For example, I’d guess someone like David Laid is able to maintain six to eight percent body fat without suffering too much. I really doubt David Laid wants to eat dog poop. Based on his photos as a teenager, it seems like he’s just able to get lean and stay lean without trying that hard. But this isn’t common. Most people have a higher body fat set point than David Laid.

Let’s back up a bit so the point is clear. 

Body fat set point theory is the idea that we each have a specific level of body fat that our body will fight to maintain. If we get too far below the set point, it pulls us back up by making us feel hungry and lethargic. If we get too far above the set point, it pulls us back down by turning hunger down and ramping up metabolism.

While set point theory originated in the 1950s and while it’s still a good model for a simple understanding, recent models have updated it based on new science. One of the prevailing theories these days is called the Dual Intervention Point Model. It says that instead of a single body fat set point, there are actually two points that each act as a boundary for a set range where our body is most comfortable. Hence the dual intervention point model.



According to this model, if I try to get leaner than eight or nine percent body fat, my body will absolutely punish me by skyrocketing my hunger, tanking my metabolism, and giving me all the bad side effects we just discussed.

Similarly, if I try to bulk beyond, say 25 percent body fat, my body will also fight me by lowering my appetite, boosting my metabolism, sweating like crazy, and so on.

But, I can get to the lower end of that boundary without too much resistance … and that’s the key: finding the lower boundary of your body fat set range. Although this range is different for everyone, that’s what can be sustainable.

See the chart below that illustrates how David Laid’s range might look compared to someone who’s more prone to obesity..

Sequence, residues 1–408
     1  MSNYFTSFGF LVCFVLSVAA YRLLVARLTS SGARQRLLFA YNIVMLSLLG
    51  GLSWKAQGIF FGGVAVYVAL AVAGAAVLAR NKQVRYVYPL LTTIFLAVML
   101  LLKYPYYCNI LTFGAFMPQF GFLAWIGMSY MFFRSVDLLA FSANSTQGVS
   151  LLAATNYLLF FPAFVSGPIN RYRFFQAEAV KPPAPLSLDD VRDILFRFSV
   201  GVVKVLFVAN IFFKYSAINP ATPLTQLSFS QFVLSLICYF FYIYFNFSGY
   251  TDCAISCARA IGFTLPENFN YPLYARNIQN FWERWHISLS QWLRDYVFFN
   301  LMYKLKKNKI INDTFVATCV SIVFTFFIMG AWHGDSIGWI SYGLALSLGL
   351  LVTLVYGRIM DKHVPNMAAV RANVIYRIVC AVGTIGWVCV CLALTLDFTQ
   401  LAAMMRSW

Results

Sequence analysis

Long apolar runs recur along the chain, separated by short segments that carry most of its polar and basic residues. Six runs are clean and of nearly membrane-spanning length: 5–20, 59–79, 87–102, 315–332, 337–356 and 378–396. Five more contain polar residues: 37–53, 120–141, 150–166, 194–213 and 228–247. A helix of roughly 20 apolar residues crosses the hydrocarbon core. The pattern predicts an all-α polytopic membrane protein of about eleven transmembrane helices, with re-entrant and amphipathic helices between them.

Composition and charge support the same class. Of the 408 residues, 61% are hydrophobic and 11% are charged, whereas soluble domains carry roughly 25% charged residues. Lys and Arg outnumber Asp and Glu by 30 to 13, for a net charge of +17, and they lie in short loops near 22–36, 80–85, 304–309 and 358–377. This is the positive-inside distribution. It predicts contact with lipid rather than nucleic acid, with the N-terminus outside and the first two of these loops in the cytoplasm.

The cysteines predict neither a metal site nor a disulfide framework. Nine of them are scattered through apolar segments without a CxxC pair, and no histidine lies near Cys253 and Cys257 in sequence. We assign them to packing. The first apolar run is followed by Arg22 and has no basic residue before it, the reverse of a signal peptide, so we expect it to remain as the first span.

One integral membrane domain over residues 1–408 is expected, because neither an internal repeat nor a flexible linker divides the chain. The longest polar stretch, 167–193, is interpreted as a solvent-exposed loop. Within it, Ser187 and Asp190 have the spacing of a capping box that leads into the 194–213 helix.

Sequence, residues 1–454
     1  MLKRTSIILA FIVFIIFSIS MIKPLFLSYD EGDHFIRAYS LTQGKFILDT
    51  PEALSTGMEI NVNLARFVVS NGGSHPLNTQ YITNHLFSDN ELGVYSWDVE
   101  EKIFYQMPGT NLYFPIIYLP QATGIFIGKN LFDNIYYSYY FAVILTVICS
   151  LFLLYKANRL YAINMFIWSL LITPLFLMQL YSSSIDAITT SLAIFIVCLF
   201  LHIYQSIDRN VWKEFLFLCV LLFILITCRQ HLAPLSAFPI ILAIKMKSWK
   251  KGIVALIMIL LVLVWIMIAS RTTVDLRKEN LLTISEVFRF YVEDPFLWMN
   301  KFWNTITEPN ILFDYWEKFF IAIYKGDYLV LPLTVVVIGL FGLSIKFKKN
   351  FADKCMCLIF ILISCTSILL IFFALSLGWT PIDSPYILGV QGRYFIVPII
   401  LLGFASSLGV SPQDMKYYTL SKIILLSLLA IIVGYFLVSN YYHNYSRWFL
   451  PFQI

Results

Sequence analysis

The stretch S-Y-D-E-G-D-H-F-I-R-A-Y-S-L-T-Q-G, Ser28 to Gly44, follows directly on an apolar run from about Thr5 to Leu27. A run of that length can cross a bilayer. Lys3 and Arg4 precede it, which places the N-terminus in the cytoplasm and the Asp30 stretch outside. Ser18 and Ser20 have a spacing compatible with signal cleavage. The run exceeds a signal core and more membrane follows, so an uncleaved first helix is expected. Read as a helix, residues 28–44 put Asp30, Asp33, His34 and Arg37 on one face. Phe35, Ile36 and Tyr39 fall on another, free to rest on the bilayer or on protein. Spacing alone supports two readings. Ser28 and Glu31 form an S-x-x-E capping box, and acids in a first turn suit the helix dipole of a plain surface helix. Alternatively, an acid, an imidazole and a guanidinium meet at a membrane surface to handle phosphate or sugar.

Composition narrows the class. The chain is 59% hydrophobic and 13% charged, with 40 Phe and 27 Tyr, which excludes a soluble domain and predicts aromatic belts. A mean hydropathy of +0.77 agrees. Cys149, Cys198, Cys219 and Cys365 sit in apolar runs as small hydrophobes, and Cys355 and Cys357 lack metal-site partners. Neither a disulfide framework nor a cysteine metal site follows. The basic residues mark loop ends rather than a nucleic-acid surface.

David Laid could get to six percent body fat and still feel fine, whereas the others might start to feel like death anytime they dip below 12 percent body fat.

Trying to stay shredded can also impair your ability to make progress in size and strength. People who stay shredded year-round have a hard time making any progress. In addition, the longer you stay below your set range, the more likely you’ll be to binge, see a weight rebound, and then end up sustaining a less lean physique than if you’d just been a bit more conservative with your low end, to begin with.

For the record, I’m cutting myself at the moment and that’s basically my goal: hit the low-end boundary of my dual intervention range and try to maintain there for a bit. Of course, it’s normal to feel hunger, experience some cravings, and even to see strength loss at a certain point.

Those things are expected to happen, even if you’re within your set range. It’s also normal for fat loss to be challenging, but once it goes from challenging to all-consuming, you’ll know. I’d say that’s when it’s time to probably re-evaluate your goals and clearly grasp why you set them in the first place.

If you’d like to review the points made in this blog, a video on this very topic is available on my YouTube channel.



That’s it for this one, guys. Thank you so much! I’ll see you guys all here for the next blog.


Side Effects of Staying Too Lean:


Body Fat Set Point:


Dual Intervention Model:


"Can You Stay Shredded?" (MASS Article):


Funny bodybuilder video: